By Lionel Thomas / WebsiteWebsite SecurityWordPress / 0 Comments

WordPress and other Content Management Systems (Joomla, Drupal etc…) allow us to leverage technology so much, many website nowadays are created by either the business owner themselves, non-technical personal or just a website designer. This opens up websites to many security issues, where they are either not kept up to date, don’t have security added (or not setup properly) and may not even have any backups of their website.

Previously, I helped a Website Design company that had 42 of their clients websites hacked, plus an additional 8 websites from another website design company sharing their server. Looking into the issue, the hacking started 4 years ago and only recently became aggressive, the server and websites lacked security, and was not kept up to date. Their security had more holes than Swiss Cheese and the hackers had a field day. The websites and server where fixed, yet the cost to have implemented the security was insignificant to the cost the fixed the issue. Also, once a server has been hacked to this extent, it is best to move the websites to another server, as there is always the chance something is left behind to regain entry.

In another scenario, a new client had a website with a security plugin, yet it wasn’t setup and still allowed the basic Brute Force attack freely, and was actively having attempts to hack in every day. Luckily, it was a novice hacker and the website was secured before entry was gained, yet it shows a little knowledge can be dangerous with security. When implementing security, you need to know why you are doing what you are doing; adding a Security Plugin doesn’t mean it will work for every scenario, especially if it is not setup properly.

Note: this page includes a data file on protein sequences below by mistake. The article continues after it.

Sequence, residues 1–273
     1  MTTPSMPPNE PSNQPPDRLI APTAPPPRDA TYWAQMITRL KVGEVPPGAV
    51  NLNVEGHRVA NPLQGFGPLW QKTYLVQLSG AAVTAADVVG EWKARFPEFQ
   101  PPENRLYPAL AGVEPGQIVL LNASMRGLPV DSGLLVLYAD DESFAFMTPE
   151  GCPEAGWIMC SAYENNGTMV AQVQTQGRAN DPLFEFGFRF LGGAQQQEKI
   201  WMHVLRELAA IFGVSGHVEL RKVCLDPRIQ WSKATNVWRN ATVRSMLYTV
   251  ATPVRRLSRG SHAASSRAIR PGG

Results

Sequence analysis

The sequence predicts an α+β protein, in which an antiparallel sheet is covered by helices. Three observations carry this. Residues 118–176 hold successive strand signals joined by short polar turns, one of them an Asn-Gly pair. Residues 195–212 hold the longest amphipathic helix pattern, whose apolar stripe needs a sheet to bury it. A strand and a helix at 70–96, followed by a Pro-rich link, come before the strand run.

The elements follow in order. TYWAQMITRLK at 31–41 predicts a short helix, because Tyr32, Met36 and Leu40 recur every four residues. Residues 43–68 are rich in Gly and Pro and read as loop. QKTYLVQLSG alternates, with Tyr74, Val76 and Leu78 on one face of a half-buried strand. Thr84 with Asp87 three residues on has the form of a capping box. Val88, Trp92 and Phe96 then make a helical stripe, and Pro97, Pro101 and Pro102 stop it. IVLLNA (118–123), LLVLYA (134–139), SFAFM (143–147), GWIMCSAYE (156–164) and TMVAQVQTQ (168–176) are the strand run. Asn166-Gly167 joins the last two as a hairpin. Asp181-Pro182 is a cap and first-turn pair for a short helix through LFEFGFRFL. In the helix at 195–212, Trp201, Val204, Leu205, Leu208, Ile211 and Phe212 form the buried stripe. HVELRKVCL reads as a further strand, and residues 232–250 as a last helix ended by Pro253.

I hear this a lot, “my website is hosted with X, they would look after the security right?”, No hosting company will look after all security issues. If you own a website or looking after one, you need to know what security if any has been setup for your website & server and to also know what security is needed.

Joomla (8 Year Old Vulnerability)

Recently Joomla had a vulnerability that affected all versions for the last 8 years; meaning nearly every website needed to be updated as the vulnerability was actively being exploited. In this scenario, there are precautions that can be taken, such as firewalls or security layers that help prevent issues occurring, until the website can be updated. Yet, as stated above as many websites have non-technical personal maintaining it, there is a great lack of website security, opening up websites to being hacked.

WordPress 4.4.1 Update / Plugin Vulnerabilities

The 4.4.1 update to WordPress fixes a XSS (Cross site Scripting) vulnerability. This vulnerability is now known in the wild, meaning if you have not update your WordPress website you need to ASAP.

WordPress Plugin Vulnerabilities

All of the following have vulnerabilities, these have been fixed in their latest version, so if you have not update ensure you do ASAP.

  • Commentator plugin version 2.5.2 and older
  • WordPress Download Manager 2.8.7 and older
  • Simple Download Monitor 3.2.8
  • Simple Ads Manager 2.9.4.116

Key Note

Research and Training is needed by companies that have a website into what is required to keep not only the website safe, communications from the website and any data they retain of users.